Nikau Bay Camp(km342)-Taiharuru Estuary/Tidesong B&B (km371)
Despite having great accommodations, I didn’t sleep very well all night. In settling into a real bed for the first time in weeks, I was thinking “ahh, this it it!” I was asleep almost immediately. But I woke again and couldn’t get back to sleep. Despite bug screens and a bed net, the mossies were getting in and buzzing me. There were so many, it remided me of a few nights spent in the everglades. By the morning, I was missing my tent. This is of course no knock on Nikau Camp, as James has done his best.
He invited me into his place for coffee and toast in the morning, so another nice treat. He is a great conversationalist and host. I checked out more of his land, complete with kayaks, a garden, and egg-laying chooks. He has a really sweet view of the estaury from his house and just lots going for the whole place. I was on the fence about staying another day so that I could go kayaking up the river but felt my itchy feet again. Damian and Steffan were moving on so I went too.
We passed through 7km of gravel road, then 4km of nice track along a few rivers and the Mackerel forest, a logging area. Back on a road again, I had just caught up to Damian at a point where a car was stopped. A man came out of the bush (he was removing invasive plants) and immediately invited us up to his house for cold drinks. We followed Derrick home like stray animals and met his lovely partner Ann. She brought out a huge tray of plums (from their tree) and orange slices and we sat at their porch table, trying not to stuff our faces too fast. I kept eating plum after plum, they were so good and I so starved for fresh fruit. (I hoped there would be a bathroom near where I was going next.) We had a wonderful conversation with them and then they gave us a tour of their garden. They like having TA hikers visit as they can meet people from all over the world. They have even put a sign down on the road inviting walkers up to their house. This is a good example of an invaluable experience that would be missed by hitching the road sections. I’m so glad that we stopped since it is just one more magical encounter with the locals to add to my growing list. Derrick, Ann and Damian. See the big tray of plums? I didn’t eat them all.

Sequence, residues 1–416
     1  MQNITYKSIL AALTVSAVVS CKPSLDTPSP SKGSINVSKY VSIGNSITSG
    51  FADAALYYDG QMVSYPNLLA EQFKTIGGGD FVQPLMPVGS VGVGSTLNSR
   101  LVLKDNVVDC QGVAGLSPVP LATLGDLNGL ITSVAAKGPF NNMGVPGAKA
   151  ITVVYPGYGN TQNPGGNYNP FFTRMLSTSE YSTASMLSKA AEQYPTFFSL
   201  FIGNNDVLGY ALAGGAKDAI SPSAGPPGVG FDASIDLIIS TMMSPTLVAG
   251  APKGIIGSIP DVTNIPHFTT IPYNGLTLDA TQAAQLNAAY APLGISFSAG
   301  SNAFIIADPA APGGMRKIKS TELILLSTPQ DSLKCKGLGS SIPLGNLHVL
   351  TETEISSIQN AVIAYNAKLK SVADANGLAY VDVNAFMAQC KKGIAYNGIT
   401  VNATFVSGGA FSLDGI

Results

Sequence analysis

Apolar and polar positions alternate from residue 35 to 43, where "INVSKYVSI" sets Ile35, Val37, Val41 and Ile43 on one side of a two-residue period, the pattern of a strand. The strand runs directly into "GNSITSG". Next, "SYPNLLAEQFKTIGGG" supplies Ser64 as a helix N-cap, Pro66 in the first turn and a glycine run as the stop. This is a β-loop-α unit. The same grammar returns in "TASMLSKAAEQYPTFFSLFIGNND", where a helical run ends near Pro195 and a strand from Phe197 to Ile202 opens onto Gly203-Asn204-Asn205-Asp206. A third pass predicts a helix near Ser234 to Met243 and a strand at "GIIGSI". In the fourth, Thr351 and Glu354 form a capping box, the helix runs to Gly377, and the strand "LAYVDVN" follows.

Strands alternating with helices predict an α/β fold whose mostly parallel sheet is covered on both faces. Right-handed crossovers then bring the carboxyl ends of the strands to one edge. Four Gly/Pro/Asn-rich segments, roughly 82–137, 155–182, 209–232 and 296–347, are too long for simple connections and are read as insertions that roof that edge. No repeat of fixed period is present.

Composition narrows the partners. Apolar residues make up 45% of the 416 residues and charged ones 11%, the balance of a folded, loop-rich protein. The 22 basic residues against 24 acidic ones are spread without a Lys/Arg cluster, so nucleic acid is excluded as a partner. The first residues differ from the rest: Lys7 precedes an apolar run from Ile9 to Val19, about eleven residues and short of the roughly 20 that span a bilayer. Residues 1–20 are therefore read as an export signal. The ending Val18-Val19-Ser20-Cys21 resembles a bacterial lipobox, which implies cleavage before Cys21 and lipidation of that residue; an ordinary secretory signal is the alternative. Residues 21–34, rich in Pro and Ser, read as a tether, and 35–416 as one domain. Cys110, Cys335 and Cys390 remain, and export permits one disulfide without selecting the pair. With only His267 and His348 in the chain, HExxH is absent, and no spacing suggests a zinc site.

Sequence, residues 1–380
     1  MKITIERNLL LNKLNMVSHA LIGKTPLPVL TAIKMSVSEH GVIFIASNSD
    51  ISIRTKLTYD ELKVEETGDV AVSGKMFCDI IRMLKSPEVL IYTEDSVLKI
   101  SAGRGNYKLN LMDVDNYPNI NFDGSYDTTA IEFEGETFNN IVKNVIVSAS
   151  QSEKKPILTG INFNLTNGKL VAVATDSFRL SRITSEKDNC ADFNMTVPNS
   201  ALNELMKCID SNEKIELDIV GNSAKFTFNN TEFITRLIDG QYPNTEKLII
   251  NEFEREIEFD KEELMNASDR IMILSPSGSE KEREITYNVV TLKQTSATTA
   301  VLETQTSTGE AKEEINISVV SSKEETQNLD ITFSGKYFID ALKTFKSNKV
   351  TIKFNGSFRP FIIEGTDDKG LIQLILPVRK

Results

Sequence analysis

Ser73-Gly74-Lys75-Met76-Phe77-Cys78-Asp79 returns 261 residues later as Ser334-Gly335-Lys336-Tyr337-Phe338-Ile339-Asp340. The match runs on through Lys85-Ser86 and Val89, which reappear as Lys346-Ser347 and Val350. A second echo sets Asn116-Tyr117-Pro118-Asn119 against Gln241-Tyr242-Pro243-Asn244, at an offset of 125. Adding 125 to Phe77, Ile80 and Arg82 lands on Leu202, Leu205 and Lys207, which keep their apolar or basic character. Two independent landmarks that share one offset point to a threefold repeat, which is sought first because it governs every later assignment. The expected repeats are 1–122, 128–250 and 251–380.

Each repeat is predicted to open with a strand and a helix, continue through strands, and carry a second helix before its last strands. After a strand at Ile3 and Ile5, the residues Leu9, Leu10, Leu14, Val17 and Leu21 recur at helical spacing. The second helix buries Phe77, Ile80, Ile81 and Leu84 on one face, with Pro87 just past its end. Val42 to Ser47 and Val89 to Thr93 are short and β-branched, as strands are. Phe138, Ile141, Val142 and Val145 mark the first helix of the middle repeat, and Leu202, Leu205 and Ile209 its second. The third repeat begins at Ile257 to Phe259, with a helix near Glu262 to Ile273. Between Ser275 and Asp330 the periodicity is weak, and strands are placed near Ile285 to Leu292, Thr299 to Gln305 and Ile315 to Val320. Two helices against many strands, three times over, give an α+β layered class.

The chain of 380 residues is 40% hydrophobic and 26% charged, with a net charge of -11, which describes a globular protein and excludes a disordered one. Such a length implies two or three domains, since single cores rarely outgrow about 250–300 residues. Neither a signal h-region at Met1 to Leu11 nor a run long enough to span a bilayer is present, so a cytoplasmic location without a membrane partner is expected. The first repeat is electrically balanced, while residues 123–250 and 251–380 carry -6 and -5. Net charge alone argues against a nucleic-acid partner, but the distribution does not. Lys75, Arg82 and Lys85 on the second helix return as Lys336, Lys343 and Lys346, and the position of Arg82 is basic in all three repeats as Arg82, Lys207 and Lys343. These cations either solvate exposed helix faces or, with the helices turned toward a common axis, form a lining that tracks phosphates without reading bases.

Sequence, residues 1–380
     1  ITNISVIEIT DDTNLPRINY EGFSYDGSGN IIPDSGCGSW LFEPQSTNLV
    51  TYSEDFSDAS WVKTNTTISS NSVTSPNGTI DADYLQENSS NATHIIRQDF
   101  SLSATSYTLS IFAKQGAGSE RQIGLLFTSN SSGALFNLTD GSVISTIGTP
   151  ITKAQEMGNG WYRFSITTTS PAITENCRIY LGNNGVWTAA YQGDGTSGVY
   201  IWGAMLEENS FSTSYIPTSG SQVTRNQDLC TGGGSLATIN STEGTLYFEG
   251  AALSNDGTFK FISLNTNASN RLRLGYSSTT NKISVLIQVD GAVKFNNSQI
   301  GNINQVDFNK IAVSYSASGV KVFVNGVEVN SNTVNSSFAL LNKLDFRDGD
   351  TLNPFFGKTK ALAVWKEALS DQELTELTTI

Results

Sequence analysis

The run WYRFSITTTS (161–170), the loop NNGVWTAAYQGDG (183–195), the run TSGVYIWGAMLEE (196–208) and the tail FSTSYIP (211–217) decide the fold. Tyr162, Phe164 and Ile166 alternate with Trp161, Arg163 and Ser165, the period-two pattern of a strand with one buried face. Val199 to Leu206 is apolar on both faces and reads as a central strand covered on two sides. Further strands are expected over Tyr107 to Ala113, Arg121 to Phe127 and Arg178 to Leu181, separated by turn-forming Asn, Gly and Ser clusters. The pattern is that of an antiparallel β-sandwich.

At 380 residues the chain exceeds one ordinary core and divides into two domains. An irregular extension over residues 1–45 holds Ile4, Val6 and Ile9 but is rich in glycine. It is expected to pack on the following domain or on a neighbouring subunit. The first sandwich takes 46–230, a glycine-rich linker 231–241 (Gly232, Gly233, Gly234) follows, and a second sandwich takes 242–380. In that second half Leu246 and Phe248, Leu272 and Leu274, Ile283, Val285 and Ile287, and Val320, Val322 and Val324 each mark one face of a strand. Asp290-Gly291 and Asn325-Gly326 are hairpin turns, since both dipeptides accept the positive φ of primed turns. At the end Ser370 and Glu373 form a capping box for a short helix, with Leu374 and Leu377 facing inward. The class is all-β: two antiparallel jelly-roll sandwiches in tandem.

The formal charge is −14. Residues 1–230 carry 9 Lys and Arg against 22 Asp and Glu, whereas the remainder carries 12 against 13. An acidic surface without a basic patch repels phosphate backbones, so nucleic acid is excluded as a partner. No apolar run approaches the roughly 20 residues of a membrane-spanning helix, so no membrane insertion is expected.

We didn’t want to leave but knew another renowned hosting opportunity awaited us at Tidesong B&B, our planned campsite. Unfortunately the direct route to this place relies on the estuary being at low tide and our lengthy stop blew that timing. We arrived just about an hour too late. We tried it anyway but it proved way to deep and muddy. So much for dry feet. We had to cut back to the main road and walk an additional 5km or so. Steffen had caught up to us and we all gutted it out. But it was worth it. Others have blogged extensively about Ross and Hugh’s story (hosts of Tidesong) and there is even a documentary. In short, she gave him her kidney and then she hiked the TA and he provided support for her to bring about awareness for kidney disease. Their main gig is the B&B but they have made a special little area just for TA hikers, complete with tent sites, a cabin, the best hot shower, loo, and bush trail with orange TA markers. It was all done with love, as seen in all the little details. All this for a meager $10 a night, just enough to cover expenses.
When we got in, they gave us all a cold beer, cakes, and trail mix and Hugh chatted with us on the veranda overlooking the estuary (Ross had to entertain the B&B guests). He invited us down to his garden, which looked like Eden, complete with white doves and ducks strolling around. This was my 3rd garden tour just that day. The Kiwis are a special lot, indeed. I had my backpacker-boring food that night but was able to supplement with fresh greens from from the garden. Ironically, Steffen even had salad dressing. We all opted for the $10 breakfast in the morning and went to sleep dreaming of it.